“Pilgrimage,” Nelson Bond, 1939

“Pilgrimage,” Nelson Bond, 1939 – An ambitious young girl in a matriarchal society rejects the three career options of warrior, mother, and worker and demands that she be trained as the next leader.  However, this requires her to go on a pilgrimage through dangerous man-filled woods to view something known as “Mt. Rushmore.”  Along the way, she encounters a boy who tries to explain the “downfall” of civilization.

Comments: Read in Great Science Fiction Stories of 1939.  Interesting for its strong female characters and the handling of the historicity of the artifacts from the girl’s point of view, such as Rushmore.  Also, another story from this period that shows a concern for the “sterility of the race.”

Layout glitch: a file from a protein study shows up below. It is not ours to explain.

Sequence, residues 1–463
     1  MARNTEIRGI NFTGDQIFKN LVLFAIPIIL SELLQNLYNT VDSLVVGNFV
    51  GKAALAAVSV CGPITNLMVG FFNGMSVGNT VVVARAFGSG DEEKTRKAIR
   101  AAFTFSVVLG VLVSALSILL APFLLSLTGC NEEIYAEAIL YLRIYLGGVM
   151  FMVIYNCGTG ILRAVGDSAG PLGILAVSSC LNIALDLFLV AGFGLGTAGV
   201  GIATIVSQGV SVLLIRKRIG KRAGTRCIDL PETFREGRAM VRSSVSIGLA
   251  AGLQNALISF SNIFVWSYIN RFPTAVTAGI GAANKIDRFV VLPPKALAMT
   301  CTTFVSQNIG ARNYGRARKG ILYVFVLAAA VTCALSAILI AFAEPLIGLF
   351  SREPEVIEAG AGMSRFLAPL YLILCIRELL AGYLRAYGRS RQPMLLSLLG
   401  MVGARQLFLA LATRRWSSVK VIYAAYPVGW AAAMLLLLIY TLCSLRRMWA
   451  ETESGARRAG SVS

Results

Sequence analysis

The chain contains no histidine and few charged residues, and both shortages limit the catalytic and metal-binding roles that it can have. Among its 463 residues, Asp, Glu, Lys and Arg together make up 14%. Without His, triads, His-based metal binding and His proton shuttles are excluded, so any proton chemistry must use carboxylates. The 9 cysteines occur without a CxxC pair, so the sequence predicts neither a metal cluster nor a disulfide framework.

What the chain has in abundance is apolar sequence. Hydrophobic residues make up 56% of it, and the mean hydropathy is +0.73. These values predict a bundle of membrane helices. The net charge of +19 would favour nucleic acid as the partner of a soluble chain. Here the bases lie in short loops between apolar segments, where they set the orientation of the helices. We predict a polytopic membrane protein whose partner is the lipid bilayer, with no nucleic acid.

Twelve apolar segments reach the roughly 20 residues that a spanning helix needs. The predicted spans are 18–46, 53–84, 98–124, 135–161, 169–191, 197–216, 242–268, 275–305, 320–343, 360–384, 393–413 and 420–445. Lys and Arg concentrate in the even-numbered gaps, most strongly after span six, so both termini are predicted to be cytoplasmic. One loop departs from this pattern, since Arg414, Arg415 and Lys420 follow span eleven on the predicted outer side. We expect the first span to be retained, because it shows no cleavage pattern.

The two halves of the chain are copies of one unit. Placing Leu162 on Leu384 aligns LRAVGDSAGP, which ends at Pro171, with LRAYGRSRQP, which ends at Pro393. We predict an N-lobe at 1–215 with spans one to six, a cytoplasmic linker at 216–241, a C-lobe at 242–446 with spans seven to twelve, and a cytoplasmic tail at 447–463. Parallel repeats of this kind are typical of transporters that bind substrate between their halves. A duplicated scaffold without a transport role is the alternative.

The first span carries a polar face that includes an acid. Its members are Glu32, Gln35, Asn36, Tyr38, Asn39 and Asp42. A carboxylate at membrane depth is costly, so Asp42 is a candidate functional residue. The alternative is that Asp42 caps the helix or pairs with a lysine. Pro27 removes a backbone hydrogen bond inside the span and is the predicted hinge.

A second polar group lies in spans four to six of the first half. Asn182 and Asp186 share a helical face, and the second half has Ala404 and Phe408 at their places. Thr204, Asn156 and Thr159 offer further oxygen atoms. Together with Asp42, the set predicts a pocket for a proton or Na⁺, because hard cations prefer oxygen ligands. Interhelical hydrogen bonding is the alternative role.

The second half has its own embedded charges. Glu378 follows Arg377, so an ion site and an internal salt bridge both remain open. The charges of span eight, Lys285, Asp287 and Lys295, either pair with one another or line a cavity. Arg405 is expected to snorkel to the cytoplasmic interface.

Author: Wikipedia: “Nelson Slade Bond (November 23, 1908, Scranton, Pennsylvania – November 6, 2006, Roanoke, Virginia) was an American author who wrote extensively for books, magazines, radio, television and the stage.”


About jennre

Lifelong sf fan, first-time blogger
This entry was posted in 1926-1939, class/labor/"work", favorites, gender, matriarchy, museums/artifacts, primitive/civilized, sex/reproduction/sterility, time/history/causality. Bookmark the permalink.

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